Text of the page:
By John Keegan and Gregg Wright
This ought to be the first episode of the second-to-last season of "Eureka", preceding a final six-episode season. But as most "Eureka" fans know, this was not to be. The impression I got was that the fifth season was virtually all "in the can" when the cancellation news hit, so there was a very real danger that "Eureka" would end without a real ending. Only one additional episode was produced to make up for this. It's a paltry victory, but it's better than no ending at all.
The previous season ended with a bang, sending the Astraeus crew (along with reluctant stowaway Allison Blake) hurtling toward some unknown destination. It was an exciting cliffhanger, made more so by all the time the show had spent building up to the launch of the Astraeus. By that point, it was a no-brainer that Beverly Barlowe and the Consortium were involved in the incident somehow, and had seemingly planned all along to take control of the mission at the last second and send the ship to a destination of their choosing.
Naturally, my mind immediately went to possibilities of a more "Star Trek" or "Lost in Space" variety. And part of me still wishes that something like this had occurred. But given that this show is, at its core, about the town of Eureka, it makes sense that the ship returned, or seemed to return, to it. And it isn't long before the crew of the Astraeus discover that this is not the Eureka they left, but a Eureka four years (and two months) into the future. My first thought was that this status quo was only temporary, but then I remembered that I had thought the same thing after the timeline was completely altered. Currently, those changes still hold true.
As the Astraeus crew begin to come to terms with this new reality, things slowly begin to grow progressively darker. This is still "Eureka", so there's still all the humor and heart you've come to expect from the show. But longtime fans will remember that the show is capable of taking some surprisingly dark turns when it wants to, and this premiere seems to be tapping into that darkness pretty heavily. The jump in time results in some changes that make the earlier timeline changes seem entirely minor and easily manageable in comparison.
As the episode went along, I began to accept this new status quo and become emotionally involved in it. This was how things were now, and the characters were just going to have to deal with it, hard as it might be. It's not unbelievable that Carter and Jo got together after they lost hope of finding Allison. And it's even more believable that Henry went a little nuts after Grace disappeared and stubbornly refused to believe that she was gone. Henry has already had to deal with a terribly painful loss in the not so distant past, so dealing with the possibility that Grace might be dead too would have been shattering.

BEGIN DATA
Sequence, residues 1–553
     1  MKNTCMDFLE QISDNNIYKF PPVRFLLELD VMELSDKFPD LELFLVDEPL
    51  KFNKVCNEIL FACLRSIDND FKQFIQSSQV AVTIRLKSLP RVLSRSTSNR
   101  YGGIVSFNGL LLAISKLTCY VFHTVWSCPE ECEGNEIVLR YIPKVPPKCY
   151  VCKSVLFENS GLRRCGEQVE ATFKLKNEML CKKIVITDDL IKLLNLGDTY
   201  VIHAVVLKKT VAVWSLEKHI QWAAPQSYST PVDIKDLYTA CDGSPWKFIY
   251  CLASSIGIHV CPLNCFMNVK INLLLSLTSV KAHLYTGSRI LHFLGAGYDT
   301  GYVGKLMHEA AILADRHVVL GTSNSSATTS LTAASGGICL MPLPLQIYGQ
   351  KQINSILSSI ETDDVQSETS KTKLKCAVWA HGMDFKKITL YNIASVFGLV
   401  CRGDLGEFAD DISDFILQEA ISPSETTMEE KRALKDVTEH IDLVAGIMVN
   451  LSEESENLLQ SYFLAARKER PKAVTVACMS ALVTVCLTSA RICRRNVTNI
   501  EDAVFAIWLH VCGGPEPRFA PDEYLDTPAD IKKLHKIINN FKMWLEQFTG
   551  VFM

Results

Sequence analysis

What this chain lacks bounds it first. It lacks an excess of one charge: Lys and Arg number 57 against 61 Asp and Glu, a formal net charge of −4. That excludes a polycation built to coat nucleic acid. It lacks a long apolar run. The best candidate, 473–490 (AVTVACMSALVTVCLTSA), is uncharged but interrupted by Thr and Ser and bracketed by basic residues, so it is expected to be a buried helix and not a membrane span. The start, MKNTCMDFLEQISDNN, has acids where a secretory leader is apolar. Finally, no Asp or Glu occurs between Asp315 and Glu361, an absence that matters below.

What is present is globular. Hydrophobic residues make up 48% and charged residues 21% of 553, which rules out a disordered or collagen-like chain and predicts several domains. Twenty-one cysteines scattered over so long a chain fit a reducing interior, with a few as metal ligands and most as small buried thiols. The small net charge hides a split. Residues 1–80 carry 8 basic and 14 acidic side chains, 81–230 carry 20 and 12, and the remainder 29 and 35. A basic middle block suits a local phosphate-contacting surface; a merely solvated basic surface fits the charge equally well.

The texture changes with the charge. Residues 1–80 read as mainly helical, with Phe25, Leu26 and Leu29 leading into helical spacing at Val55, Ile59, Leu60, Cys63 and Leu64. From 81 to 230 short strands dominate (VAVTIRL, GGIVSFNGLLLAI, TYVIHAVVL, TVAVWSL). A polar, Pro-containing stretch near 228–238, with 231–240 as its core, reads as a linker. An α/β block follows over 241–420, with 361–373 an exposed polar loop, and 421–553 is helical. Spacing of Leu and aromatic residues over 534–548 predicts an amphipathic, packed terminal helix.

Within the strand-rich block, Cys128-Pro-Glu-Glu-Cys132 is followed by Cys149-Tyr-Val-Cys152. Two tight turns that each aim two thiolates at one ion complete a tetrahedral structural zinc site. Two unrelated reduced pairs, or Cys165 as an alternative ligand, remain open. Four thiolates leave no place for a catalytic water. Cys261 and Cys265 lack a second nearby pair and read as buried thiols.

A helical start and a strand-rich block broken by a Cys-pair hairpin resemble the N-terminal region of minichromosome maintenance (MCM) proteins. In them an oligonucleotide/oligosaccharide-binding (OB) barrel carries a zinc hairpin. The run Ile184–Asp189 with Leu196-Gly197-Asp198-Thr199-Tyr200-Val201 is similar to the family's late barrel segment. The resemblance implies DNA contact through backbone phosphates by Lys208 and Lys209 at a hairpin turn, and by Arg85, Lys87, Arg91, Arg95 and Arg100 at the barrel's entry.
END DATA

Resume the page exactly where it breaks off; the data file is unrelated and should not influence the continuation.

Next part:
Part of this new, more chilling version of Eureka, is that Deputy Andy is now in charge of Eureka security. But Andy is "different". Kavan Smith is always a joy to watch in the role, but he absolutely excels at playing a twisted, villainous version of his former self. The smiles and unrelenting optimism are both mostly intact, which seems to make Andy all the more terrifying, and funny at the same time. The remarkable thing is that the episode mostly plays it straight with Andy, treating him as a legitimate threat to be feared. He's not simply a joke villain; he really is out to get you. It's this uneasy shifting between laughing at Andy and feeling genuinely afraid of what he might do that is key to the character's success.
Ultimately, this is the "Eureka" you know and love. It's fun, funny, exciting, heartfelt, and even a little scary. Carter's jeep gets destroyed, Fargo is Fargo, Isaac Parrish is an ass (until he isn't, which is itself another hilarious scene), and science saves the day. There's just one problem: none of it ever happened. It's all just a simulation, created for the minds (and by the minds) of the top scientists in Eureka, who are now imprisoned in some dark room somewhere by Beverly Barlowe and the Consortium. So the only part of the simulation that was real were the scientists plugged into it (which apparently includes more than just the crew of the Astraeus).
There's a pretty significant hint that something like this might be the case about a third of the way into the episode, but I ignored it, hoping that the writers wouldn't pull something like that. But in the last few moments, the twist came. It might be a little extreme to say that it ruined the entire episode, but it wouldn't be that far from the truth. Why write such a strong episode and then totally retcon it at the last moment? A good twist ending can be powerful, when done right (ex. "The Sixth Sense"), but when done poorly, it can be absolutely ruinous. To be fair, this development does fit with the Consortium's motivations pretty well, and there's always the possibility that things aren't quite what they seem. So I'm trying to stay optimistic.
I feel very conflicted about this premiere. For the most part, this is another excellent episode of "Eureka" (in fact, it had the potential to be an all-time great of the series), and one that may very well be the start of another excellent season. But it comes packaged with a twist ending of the worst kind; one that all but totally undermines most of what made the episode work so well up until that point. I can't understand why writers still think that this type of ending can work, because it invariably doesn't. Now I just hope that subsequent episodes can provide some level of damage control.John Keegan is Editor-in-Chief for Critical Myth, a partner site of SciFi Vision. Gregg Wright is Critical Myth's reviewer for Eureka.